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      Low energy expenditure and resting behaviour of humpback whale mother-calf pairs highlights conservation importance of sheltered breeding areas

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          Abstract

          Understanding the behaviour of humpback whale mother-calf pairs and the acoustic environment on their breeding grounds is fundamental to assessing the biological and ecological requirements needed to ensure a successful migration and survival of calves. Therefore, on a breeding/resting ground, Exmouth Gulf, Western Australia, we used animal-borne DTAGs to quantify the fine-scale behaviour and energetic expenditure of humpback whale mothers and calves, while sound recorders measured the acoustic environment. We show that: (i) lactating humpback whales keep their energy expenditure low by devoting a significant amount of time to rest, and their use of energy, inferred from respiration rates, is ~half than that of adults on their foraging grounds; (ii) lactating females mainly rest while stationary at shallow depths within reach of the hull of commercial ships, thus increasing the potential for ship strike collisions; (iii) the soundscape is dominated by biological sources; and (iv) even moderate increases of noise from vessels will decrease the communication range of humpback whales. Planned commercial infrastructure in Exmouth Gulf will cause a substantial increase in shipping traffic with the risk of ship strikes and acoustic disturbance potentially compromising energy reserves for the southern migration of humpback whales.

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          A digital acoustic recording tag for measuring the response of wild marine mammals to sound

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            Capital and Income Breeding as Alternative Tactics of Resource Use in Reproduction

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              Ecology. North Atlantic right whales in crisis.

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                Author and article information

                Contributors
                lbejder@hawaii.edu
                Journal
                Sci Rep
                Sci Rep
                Scientific Reports
                Nature Publishing Group UK (London )
                2045-2322
                25 January 2019
                25 January 2019
                2019
                : 9
                Affiliations
                [1 ]ISNI 0000 0004 0436 6763, GRID grid.1025.6, Cetacean Research Unit, School of Veterinary and Life Sciences, , Murdoch University, ; Murdoch, WA Australia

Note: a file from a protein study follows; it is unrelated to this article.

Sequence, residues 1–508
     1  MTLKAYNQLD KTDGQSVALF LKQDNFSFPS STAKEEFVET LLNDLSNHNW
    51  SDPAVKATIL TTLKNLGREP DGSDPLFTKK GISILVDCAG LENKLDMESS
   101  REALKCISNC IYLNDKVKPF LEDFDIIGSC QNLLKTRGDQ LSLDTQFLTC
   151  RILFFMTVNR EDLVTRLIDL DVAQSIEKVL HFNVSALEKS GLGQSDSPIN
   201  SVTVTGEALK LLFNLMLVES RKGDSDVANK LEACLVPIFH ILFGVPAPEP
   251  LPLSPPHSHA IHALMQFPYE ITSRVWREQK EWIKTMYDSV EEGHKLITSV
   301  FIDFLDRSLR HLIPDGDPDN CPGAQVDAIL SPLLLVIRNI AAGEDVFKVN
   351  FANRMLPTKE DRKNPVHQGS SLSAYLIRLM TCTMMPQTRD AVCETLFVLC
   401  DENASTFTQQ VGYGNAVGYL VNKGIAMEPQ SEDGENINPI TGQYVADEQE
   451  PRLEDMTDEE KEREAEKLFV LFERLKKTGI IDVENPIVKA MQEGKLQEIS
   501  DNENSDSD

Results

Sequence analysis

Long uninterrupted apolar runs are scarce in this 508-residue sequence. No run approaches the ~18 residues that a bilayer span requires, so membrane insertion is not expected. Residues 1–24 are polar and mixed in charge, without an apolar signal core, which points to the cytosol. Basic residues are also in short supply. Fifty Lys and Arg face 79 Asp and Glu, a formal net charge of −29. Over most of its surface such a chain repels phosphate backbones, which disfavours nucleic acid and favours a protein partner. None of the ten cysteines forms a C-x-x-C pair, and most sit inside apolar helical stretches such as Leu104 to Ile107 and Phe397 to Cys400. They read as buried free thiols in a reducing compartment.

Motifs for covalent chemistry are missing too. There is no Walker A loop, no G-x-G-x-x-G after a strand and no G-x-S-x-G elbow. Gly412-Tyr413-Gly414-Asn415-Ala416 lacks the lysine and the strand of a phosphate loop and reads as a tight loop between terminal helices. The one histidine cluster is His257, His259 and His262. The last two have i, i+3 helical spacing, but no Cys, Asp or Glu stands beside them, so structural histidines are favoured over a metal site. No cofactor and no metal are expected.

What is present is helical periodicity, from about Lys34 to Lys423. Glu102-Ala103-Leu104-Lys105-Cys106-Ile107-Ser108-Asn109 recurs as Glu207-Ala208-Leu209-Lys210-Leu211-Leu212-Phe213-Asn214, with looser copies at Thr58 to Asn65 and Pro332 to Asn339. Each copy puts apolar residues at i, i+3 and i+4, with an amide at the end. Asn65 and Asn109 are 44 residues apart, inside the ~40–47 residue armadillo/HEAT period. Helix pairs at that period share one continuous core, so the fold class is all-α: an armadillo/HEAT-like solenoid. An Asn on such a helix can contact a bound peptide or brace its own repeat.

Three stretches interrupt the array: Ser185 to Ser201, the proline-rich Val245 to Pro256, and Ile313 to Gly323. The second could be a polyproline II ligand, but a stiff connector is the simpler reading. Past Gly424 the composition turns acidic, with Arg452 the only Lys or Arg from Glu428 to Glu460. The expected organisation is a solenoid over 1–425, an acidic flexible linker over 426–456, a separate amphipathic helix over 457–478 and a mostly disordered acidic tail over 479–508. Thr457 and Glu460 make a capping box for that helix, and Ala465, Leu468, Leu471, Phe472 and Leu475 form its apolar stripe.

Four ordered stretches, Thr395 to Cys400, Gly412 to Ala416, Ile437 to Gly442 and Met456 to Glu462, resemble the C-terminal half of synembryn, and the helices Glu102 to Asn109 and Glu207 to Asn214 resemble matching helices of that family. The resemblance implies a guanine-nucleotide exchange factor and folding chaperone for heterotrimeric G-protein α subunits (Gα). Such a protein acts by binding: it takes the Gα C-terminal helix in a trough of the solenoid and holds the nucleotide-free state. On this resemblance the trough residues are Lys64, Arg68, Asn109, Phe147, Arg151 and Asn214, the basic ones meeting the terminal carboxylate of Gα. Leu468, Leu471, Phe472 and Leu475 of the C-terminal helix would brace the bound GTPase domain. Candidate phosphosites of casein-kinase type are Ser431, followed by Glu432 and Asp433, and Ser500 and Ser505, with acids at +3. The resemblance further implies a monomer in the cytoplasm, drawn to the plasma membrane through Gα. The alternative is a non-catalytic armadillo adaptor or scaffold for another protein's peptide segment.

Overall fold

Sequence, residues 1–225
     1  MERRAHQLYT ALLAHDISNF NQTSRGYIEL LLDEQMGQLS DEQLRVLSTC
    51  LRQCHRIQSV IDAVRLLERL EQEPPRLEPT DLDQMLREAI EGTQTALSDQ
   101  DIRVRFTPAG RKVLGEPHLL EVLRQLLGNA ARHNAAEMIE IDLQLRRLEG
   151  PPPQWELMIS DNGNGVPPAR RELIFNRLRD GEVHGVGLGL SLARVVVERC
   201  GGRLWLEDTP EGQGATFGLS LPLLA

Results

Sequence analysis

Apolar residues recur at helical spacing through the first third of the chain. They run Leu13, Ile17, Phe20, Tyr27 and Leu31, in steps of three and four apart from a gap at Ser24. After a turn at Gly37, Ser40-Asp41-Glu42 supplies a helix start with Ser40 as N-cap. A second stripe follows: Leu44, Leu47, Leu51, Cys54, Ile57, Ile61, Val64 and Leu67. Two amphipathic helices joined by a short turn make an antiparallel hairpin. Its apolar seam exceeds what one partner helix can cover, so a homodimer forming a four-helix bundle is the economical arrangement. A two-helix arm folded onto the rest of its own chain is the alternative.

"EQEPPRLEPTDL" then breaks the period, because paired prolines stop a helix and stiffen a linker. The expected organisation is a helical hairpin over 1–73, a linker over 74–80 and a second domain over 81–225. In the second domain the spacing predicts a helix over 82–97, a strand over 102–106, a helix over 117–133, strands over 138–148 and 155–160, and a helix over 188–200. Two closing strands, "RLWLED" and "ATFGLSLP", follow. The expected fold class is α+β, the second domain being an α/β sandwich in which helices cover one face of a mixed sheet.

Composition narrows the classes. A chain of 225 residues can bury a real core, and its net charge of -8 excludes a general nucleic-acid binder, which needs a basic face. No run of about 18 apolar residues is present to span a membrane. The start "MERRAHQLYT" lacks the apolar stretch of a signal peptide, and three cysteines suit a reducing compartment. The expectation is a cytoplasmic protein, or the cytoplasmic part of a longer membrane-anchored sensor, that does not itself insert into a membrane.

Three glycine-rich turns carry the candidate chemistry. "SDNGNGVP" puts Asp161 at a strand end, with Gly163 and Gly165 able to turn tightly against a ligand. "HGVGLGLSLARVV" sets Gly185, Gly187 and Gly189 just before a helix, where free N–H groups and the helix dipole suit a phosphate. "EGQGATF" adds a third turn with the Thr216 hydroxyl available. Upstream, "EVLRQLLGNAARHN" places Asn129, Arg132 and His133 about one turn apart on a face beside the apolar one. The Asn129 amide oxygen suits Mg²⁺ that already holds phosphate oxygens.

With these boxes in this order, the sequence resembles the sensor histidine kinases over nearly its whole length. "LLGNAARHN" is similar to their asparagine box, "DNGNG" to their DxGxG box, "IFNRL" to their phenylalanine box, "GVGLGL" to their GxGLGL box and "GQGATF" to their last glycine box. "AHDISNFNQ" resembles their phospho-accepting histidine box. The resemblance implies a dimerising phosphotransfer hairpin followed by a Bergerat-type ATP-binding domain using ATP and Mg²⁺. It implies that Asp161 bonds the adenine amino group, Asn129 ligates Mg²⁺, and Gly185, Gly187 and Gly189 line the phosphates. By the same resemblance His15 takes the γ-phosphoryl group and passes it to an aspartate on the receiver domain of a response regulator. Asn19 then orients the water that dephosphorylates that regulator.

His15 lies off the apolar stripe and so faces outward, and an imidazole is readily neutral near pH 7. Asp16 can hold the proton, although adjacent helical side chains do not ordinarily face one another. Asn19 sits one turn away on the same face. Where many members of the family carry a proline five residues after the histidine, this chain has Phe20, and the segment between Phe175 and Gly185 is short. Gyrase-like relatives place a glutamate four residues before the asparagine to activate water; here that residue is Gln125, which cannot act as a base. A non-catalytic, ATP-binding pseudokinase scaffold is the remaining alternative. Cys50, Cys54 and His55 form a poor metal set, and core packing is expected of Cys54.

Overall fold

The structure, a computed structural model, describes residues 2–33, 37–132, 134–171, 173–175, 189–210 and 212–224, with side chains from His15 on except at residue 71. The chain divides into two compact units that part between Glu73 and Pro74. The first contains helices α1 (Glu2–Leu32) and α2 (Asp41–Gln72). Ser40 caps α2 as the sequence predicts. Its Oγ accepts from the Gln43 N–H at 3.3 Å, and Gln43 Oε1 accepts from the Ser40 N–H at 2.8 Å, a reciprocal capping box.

[2 ]ISNI 0000 0001 2188 0957, GRID grid.410445.0, Marine Mammal Research Program, Hawaii Institute of Marine Biology, , University of Hawaii at Manoa, ; Kaneohe, Hawaii United States
                [3 ]ISNI 0000 0004 0436 6763, GRID grid.1025.6, Centre for Sustainable Aquatic Ecosystems, Harry Butler Institute, , Murdoch University, ; Murdoch, WA Australia
                [4 ]ISNI 0000 0001 1956 2722, GRID grid.7048.b, Zoophysiology, Department of Bioscience, Faculty of Science and Technology, , Aarhus University, ; Aarhus, Denmark
                [5 ]ISNI 0000 0001 0741 5039, GRID grid.424543.0, Greenland Climate Research Centre, , Greenland Institute of Natural Resources, ; Nuuk, Greenland
                [6 ]Aarhus Institute of Advanced Studies, Høegh-Guldbergs Gade 6B, 8000 Aarhus, Denmark
                Article
                36870
                10.1038/s41598-018-36870-7
                6347592
                30683890
                © The Author(s) 2019

                Open Access This article is licensed under a Creative Commons Attribution 4.0 International License, which permits use, sharing, adaptation, distribution and reproduction in any medium or format, as long as you give appropriate credit to the original author(s) and the source, provide a link to the Creative Commons license, and indicate if changes were made. The images or other third party material in this article are included in the article’s Creative Commons license, unless indicated otherwise in a credit line to the material. If material is not included in the article’s Creative Commons license and your intended use is not permitted by statutory regulation or exceeds the permitted use, you will need to obtain permission directly from the copyright holder. To view a copy of this license, visit http://creativecommons.org/licenses/by/4.0/.

                Funding
                Funded by: This study was further funded by a Sir Walter Murdoch Honorary Professorship from Murdoch University, along with Carlsberg and Danish National Research Council funding to P.T.M and Carlsberg and Oticon Foundation funding to M.S
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